Benign prostatic hyperplasia (BPH) is a common urological disorder. One population-based study, published in 2001, suggests that it might affect up to 8.4% of men aged 40–49 years and 33.5% of those aged 60–70 years. In the 20th century, open surgical management of BPH became popular. A relatively high-morbidity and expensive procedure, open prostatectomy was gradually replaced by transurethral resection of the prostate (TURP) as the standard surgical treatment of small to medium sized BPH. High success rates, lower costs and shorter recovery times after TURP were among the factors contributing to the gradual replacement of open prostatectomy.
The surgical management of BPH is evolving at a rapid rate, with several new procedures available that challenge transurethral resection of the prostate as the standard treatment in the surgical management of small to medium sized glands.
For most of the 20th century surgeons were investigating newer, less invasive methods of relieving prostatic obstruction. While the obvious minimally invasive route was transurethral, several technical targets were needed to be met. These included adequate visibility, good, reliable light source and a controllable diathermy generator. With the introduction of the Hopkins rod-lens system, Xenon cold light source and solid state electrosurgical generators midway through the 20th century, modern day TURP came of age. This development was aided by the detailed description of the arterial supply of the prostate by Flocks in 1937.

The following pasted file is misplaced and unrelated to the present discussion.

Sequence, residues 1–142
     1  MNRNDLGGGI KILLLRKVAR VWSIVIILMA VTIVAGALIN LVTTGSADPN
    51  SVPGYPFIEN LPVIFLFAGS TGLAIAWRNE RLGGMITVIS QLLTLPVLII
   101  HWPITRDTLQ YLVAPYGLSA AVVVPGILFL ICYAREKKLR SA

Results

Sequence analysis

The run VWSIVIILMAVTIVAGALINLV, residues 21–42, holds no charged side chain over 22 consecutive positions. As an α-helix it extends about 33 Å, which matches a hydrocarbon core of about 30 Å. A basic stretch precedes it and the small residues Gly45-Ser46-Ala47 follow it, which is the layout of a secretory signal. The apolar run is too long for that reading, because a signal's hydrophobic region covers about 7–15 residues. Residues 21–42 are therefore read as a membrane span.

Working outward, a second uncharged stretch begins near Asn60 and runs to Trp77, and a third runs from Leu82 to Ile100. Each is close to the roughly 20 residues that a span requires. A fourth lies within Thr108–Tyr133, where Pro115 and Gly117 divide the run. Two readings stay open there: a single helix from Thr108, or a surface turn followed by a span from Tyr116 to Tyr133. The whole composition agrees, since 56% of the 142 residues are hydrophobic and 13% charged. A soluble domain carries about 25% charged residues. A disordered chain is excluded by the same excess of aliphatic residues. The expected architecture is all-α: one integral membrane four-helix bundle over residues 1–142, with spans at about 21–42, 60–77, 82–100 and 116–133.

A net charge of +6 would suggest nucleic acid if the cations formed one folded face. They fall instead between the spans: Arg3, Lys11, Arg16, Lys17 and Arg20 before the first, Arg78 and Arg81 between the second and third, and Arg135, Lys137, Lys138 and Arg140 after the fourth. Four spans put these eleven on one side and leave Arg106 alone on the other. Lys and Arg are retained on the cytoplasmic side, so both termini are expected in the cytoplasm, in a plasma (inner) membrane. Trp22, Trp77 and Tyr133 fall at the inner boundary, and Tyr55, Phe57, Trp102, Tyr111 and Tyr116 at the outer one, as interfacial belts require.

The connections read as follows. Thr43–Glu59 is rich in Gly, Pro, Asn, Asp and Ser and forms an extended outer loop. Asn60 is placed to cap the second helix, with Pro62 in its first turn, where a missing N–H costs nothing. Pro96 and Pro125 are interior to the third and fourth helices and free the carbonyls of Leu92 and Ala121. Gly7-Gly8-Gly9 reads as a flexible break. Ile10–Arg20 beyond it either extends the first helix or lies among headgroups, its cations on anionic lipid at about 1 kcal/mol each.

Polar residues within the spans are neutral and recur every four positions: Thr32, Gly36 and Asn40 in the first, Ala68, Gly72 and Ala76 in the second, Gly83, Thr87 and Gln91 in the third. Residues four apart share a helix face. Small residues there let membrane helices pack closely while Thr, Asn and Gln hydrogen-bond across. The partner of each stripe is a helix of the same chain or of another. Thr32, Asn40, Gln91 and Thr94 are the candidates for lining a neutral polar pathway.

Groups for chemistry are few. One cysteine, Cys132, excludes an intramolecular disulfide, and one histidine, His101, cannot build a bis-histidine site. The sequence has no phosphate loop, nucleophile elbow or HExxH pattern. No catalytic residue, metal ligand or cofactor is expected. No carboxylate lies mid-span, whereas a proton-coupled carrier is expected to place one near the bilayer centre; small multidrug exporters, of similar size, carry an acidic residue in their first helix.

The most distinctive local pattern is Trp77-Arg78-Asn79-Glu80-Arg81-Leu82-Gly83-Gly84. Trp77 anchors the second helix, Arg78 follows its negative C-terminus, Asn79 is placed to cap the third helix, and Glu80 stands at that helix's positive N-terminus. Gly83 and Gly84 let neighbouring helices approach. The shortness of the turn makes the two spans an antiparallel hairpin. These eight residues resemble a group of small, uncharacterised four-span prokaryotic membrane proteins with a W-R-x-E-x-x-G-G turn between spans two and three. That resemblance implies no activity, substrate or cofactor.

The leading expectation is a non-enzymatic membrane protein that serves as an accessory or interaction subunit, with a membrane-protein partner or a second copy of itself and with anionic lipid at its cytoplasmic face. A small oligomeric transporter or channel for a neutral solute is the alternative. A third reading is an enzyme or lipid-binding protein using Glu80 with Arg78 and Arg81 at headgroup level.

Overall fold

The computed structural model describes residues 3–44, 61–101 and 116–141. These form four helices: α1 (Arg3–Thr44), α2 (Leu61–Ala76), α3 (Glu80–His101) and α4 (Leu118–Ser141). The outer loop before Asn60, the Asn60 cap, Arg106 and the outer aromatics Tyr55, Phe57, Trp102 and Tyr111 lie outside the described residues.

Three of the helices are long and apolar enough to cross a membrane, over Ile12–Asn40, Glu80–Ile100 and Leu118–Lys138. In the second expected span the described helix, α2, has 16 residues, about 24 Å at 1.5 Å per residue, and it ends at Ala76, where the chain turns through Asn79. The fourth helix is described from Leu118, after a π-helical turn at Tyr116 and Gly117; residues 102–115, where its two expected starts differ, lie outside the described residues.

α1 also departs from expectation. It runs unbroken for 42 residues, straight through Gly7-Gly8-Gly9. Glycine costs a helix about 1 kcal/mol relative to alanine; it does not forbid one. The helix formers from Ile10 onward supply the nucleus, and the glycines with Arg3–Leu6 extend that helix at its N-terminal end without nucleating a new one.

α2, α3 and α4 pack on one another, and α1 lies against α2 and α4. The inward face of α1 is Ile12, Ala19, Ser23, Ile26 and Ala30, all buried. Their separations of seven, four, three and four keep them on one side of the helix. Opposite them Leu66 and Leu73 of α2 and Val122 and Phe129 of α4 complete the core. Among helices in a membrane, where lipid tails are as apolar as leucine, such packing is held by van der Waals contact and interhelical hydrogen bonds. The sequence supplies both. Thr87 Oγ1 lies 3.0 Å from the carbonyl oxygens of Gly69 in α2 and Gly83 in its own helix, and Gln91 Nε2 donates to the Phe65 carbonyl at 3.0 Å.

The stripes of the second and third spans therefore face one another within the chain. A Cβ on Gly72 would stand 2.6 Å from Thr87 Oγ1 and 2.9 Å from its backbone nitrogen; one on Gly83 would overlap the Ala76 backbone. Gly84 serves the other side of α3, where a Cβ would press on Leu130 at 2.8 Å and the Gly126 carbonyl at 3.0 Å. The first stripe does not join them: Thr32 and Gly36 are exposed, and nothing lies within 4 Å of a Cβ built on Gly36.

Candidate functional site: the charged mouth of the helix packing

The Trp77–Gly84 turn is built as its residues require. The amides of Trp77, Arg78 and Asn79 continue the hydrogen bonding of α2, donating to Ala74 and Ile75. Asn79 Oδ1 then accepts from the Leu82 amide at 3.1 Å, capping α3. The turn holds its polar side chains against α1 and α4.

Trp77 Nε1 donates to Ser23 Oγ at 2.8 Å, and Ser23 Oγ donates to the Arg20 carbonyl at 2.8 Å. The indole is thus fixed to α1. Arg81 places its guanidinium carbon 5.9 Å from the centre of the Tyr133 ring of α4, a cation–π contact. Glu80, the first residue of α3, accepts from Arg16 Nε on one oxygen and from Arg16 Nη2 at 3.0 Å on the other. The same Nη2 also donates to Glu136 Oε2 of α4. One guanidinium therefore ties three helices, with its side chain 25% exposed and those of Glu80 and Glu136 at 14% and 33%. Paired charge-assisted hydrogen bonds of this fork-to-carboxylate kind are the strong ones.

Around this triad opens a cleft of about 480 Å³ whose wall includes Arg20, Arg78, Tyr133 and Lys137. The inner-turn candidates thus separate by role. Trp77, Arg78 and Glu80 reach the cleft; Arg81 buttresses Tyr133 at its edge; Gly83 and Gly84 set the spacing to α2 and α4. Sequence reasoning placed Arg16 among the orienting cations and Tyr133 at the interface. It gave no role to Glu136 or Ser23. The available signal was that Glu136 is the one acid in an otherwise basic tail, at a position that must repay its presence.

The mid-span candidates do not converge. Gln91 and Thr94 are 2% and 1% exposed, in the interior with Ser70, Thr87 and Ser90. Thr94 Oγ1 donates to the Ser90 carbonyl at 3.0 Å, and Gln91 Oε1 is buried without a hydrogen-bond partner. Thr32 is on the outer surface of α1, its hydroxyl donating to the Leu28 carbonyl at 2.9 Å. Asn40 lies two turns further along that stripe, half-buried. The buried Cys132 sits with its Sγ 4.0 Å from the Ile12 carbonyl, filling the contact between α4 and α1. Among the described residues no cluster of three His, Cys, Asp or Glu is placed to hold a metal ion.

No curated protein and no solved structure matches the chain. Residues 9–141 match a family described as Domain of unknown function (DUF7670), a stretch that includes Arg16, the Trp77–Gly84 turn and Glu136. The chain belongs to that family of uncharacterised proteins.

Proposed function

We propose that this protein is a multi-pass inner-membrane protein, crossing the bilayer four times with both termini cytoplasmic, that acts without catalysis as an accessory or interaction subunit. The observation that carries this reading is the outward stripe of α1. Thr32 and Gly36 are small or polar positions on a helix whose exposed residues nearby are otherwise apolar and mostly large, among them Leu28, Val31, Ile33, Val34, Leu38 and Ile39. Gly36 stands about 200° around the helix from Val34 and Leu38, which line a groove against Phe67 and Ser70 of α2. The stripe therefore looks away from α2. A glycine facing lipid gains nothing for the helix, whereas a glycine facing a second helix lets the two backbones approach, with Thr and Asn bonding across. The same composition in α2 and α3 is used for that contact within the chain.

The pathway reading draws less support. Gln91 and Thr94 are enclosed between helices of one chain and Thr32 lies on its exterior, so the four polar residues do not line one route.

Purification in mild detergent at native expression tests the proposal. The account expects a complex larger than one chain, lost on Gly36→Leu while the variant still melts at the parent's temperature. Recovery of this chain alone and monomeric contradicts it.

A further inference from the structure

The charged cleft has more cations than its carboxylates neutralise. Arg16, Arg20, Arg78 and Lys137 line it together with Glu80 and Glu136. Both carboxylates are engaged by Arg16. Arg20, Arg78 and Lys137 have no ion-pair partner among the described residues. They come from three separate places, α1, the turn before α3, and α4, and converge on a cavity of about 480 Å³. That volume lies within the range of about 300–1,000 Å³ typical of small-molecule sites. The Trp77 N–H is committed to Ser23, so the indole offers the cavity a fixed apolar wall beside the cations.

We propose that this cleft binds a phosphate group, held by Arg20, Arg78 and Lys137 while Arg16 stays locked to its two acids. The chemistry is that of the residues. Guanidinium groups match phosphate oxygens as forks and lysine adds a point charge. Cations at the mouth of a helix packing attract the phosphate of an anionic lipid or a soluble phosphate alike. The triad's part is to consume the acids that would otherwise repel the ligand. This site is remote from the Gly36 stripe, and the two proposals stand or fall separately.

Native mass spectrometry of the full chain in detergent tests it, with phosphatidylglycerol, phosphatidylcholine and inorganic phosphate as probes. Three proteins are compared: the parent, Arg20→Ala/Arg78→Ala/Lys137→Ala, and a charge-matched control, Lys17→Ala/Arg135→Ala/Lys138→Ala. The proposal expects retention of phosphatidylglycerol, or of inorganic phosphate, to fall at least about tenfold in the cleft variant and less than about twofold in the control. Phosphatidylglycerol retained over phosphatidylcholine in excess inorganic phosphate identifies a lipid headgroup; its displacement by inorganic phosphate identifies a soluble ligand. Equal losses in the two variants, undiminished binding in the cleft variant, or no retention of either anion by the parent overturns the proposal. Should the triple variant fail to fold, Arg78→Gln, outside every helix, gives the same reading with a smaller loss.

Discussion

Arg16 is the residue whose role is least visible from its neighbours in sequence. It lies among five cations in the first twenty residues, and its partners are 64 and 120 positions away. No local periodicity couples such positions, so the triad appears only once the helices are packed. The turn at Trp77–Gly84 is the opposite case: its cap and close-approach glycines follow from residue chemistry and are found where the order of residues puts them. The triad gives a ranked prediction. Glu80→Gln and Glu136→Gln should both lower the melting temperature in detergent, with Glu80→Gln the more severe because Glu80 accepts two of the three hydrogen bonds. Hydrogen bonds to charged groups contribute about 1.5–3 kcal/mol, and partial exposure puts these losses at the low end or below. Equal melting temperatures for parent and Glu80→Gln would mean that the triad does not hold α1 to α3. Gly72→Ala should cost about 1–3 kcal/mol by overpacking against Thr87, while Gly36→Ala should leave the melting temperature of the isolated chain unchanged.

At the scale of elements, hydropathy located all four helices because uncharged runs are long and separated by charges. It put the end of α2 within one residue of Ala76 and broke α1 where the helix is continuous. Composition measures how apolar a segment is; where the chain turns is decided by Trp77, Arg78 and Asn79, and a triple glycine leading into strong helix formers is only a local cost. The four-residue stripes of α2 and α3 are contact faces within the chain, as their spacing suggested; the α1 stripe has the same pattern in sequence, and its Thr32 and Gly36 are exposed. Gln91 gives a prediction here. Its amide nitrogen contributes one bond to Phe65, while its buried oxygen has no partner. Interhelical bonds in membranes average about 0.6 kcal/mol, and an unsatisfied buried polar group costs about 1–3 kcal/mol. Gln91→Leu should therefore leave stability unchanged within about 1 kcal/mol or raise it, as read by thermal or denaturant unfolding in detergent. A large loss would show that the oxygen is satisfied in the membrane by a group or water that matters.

Transurethral resection of the prostate (TURP) is still considered as the gold standard treatment of obstructive BPH. Although TURP is a safe option in the vast majority, it is not without morbidity. The overall mortality is around 0.2% but in the elderly and high risk patients it is considerably higher.
For effective and safe monopolar TURP, the following are necessary—a very good quality and safe, electrosurgical unit (ESU), compatible irrigant fluid, a good camera and light source and sturdy instrumentation. Needless to say that currently all these are freely available to make TURP really the gold standard operation for obstructive BPH.
Monopolar TURP requires the use of a reliable electrosurgical generator. Electrosurgery utilizes a radiofrequency current to cut and fulgurate tissues. The chosen frequency is important in achieving the desired effects without complications. Current ESU operate at 400,000 to 1 million Hz. Such high frequencies avoid undesirable neuromuscular contractions. The characteristics of the electric current will depend on what effect it has in tissues. A continuously alternating radiofrequency current, sine wave, delivers high current and high power. Such a current generates enough heat to cut tissues. Since the heat is so quickly dissipated, the surrounding tissue is not coagulated and hemostasis is poor. In order to fulgurate the tissue, short bursts of high voltage radiofrequency sine waves with a pause between is necessary.